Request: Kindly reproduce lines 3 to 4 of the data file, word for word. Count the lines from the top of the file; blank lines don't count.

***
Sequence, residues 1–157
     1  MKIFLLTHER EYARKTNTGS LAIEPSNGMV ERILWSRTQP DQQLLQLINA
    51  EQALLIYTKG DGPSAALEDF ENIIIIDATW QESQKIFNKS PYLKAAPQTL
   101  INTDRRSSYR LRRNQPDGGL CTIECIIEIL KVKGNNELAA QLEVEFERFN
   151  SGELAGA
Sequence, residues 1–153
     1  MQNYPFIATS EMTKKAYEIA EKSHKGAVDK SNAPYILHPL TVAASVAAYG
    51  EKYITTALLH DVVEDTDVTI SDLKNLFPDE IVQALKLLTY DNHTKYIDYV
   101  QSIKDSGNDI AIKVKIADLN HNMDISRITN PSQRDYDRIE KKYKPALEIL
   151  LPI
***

    51  EQALLIYTKG DGPSAALEDF ENIIIIDATW QESQKIFNKS PYLKAAPQTL
   101  INTDRRSSYR LRRNQPDGGL CTIECIIEIL KVKGNNELAA QLEVEFERFN